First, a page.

And it's a search with a Canadian connection. Ottawa is providing money and much-appreciated staff expertise to the United Nations mission, which is spearheading "transitional justice" efforts, diplomatic lingo for the process to confront the violent past.

Noveed, 23, said it angers her to see alleged criminals sitting in parliament. "We wish that all the ones who did these crimes in Afghanistan should be jailed and judged," she said.
Toronto Star, Sep.22, 2007

But getting to the truth here won't be easy. For starters, while Karzai's government has formally adopted a plan to implement a transitional justice plan, which includes a vetting system meant to keep accused war criminals out of office, there's been little real progress.

"The Afghan government is not all to blame. I think there is not enough pressure put on the Afghan government and on President Karzai by the international community," said one foreign official who is active on the file.

"The attitude of the international community is that it is too soon, that vetting current office-holders or prosecution could destabilize the country and therefore shouldn't be pushed too hard."

The country lacks the sophisticated forensic capability needed to exhume mass graves. UN experts have done preliminary examinations of a few sites but a full excavation would require a formal invitation from Karzai's government, something that's not been forthcoming.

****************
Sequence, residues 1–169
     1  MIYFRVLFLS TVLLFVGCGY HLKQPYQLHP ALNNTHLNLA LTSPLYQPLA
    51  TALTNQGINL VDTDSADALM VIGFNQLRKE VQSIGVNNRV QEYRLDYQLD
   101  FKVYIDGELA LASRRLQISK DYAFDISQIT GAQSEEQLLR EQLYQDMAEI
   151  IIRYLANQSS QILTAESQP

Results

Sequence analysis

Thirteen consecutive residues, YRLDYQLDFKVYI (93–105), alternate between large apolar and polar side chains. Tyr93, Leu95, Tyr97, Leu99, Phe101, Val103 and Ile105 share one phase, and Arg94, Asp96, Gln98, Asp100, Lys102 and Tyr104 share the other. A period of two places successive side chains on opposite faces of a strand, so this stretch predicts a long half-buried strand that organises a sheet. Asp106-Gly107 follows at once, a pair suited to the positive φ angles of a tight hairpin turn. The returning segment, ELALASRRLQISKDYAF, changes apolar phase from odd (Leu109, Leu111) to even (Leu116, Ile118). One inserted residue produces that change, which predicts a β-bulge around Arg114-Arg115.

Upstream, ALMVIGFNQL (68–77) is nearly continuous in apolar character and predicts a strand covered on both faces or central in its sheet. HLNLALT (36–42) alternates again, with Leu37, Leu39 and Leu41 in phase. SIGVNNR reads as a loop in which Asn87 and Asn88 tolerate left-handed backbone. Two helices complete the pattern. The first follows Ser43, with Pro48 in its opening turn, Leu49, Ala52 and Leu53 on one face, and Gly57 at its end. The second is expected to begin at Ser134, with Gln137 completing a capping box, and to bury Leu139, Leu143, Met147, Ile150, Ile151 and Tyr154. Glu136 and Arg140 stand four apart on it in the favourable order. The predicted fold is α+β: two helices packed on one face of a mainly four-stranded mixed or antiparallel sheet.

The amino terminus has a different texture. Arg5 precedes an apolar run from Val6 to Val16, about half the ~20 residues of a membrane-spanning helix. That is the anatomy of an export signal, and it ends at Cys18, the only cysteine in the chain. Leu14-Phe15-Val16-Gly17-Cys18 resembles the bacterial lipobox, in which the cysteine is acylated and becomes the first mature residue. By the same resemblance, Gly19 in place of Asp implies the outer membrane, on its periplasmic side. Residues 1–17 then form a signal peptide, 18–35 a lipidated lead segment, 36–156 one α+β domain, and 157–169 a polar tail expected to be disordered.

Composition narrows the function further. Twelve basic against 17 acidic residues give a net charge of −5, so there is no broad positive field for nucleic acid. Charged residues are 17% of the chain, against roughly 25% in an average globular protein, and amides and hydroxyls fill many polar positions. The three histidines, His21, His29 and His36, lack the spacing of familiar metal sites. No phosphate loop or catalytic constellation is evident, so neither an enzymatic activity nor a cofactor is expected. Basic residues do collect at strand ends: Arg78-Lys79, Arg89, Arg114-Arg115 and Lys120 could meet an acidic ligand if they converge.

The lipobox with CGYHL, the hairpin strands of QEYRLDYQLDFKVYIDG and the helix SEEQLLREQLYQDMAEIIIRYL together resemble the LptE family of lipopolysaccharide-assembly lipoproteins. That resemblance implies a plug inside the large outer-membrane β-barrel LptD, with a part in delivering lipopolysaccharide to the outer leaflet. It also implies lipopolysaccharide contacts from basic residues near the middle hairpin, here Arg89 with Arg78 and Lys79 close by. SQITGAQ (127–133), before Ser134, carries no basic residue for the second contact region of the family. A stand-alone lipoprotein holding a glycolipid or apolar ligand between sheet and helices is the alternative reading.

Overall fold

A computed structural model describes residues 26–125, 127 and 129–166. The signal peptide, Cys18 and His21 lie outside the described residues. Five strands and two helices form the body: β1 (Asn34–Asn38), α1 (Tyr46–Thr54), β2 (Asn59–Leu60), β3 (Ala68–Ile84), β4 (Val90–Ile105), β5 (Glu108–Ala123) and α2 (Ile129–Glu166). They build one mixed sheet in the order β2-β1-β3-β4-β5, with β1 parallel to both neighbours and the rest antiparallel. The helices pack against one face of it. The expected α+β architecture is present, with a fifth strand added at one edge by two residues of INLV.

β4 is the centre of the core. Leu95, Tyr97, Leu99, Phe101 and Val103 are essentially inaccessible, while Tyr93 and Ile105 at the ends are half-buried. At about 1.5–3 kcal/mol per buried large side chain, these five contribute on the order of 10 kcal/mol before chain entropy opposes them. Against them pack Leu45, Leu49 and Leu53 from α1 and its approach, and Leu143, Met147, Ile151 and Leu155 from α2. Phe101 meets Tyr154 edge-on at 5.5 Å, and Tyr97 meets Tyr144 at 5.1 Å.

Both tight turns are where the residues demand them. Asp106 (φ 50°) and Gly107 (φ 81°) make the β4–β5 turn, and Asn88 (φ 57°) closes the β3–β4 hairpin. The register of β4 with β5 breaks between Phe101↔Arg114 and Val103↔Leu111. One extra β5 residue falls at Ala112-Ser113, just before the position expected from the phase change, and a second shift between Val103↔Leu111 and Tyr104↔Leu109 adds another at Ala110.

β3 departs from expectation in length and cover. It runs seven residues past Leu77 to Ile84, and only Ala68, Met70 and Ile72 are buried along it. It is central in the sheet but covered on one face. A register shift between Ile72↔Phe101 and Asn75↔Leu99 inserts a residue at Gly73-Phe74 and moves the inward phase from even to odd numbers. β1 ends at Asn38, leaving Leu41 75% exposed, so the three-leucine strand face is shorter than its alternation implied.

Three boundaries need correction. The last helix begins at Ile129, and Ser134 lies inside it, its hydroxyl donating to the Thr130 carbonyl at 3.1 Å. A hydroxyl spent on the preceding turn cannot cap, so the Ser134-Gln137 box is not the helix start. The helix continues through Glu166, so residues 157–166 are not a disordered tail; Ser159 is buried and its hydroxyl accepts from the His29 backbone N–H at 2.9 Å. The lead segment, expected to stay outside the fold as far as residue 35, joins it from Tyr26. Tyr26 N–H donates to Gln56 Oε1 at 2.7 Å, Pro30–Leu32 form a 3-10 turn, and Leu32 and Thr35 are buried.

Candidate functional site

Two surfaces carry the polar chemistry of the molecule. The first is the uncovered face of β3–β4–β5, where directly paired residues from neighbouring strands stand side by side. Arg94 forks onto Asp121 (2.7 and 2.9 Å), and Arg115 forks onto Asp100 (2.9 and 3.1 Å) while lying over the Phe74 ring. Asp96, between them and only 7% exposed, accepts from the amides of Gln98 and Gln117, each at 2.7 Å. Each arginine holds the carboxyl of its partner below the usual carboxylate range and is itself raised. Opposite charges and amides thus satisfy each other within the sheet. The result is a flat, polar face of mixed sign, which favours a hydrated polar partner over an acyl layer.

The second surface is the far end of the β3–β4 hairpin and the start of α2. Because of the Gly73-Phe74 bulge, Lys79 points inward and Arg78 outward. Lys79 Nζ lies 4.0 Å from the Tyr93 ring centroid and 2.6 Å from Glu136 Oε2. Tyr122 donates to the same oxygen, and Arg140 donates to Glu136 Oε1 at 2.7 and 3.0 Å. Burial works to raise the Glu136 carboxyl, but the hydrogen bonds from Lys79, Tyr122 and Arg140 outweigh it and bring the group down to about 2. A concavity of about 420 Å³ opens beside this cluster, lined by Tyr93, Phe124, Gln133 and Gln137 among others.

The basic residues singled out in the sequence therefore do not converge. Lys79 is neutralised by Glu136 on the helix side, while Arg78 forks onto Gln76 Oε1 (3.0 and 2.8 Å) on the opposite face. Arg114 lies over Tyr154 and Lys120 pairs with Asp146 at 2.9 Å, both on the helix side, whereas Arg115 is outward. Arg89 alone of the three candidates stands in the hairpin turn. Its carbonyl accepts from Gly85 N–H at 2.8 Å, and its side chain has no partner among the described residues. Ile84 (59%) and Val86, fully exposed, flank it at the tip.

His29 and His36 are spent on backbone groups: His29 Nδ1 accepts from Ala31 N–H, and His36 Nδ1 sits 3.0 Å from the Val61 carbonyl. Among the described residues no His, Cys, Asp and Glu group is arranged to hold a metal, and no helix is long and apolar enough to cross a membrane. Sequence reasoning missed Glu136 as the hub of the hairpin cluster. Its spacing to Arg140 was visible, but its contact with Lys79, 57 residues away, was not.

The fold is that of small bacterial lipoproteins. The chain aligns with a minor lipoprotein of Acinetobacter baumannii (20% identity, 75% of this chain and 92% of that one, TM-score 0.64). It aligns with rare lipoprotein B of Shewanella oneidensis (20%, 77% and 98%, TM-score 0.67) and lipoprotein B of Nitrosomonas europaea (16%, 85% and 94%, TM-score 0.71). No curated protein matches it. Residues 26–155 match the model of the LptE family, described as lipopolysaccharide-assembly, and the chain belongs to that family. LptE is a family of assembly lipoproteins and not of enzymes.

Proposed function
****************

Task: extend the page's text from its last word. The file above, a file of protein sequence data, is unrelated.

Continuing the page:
Add to that the fact that there's not one single regime accused of the atrocities but several, dating back to before the Soviet invasion in 1979. The victims of one era became the accused of the next. And now, human rights advocates say, some of those perpetrators sit in the Afghan parliament or serve in senior government positions.

International observers concede Afghanistan's rudimentary justice system just isn't up the task of fairly prosecuting accused war criminals.

"It is now widely recognized that there cannot be peace without justice," Leon-Diaz said in an interview at the UN compound in Kabul.

"That said, the current status of the judiciary in Afghanistan does not allow for domestic trials for war crimes or crimes against humanity. International fair trial standards cannot be observed at this stage," he said.

Still, Noveed, 23, said it angers her to see alleged criminals sitting in parliament.

"We wish that all the ones who did these crimes in Afghanistan should be jailed and judged," said Noveed, who doesn't have a last name.

"Whenever I see the faces of mujahideen criminals, I'm getting so angry and really so sad, not only me but there are many, many other families who have lost their beloveds during these regimes," she said in an interview.

Her aunt and uncle were the victims of a military raid on their house to steal their belongings. Her uncle tried to prevent the attack.

"They hit him too much and he died," she said.

Meanwhile, Darwishi's brother Ibrahim was seized along with two classmates in 1979 from Kabul's college. He was engaged and his fiancée waited 15 years before marrying someone else.

Her uncle, a retired military officer, was seized from his farm and kept in jail for six months before disappearing. His son, an air force technician, was taken too.

"These are the three lost ones. We have no information. It's been 27, 28 years," she said.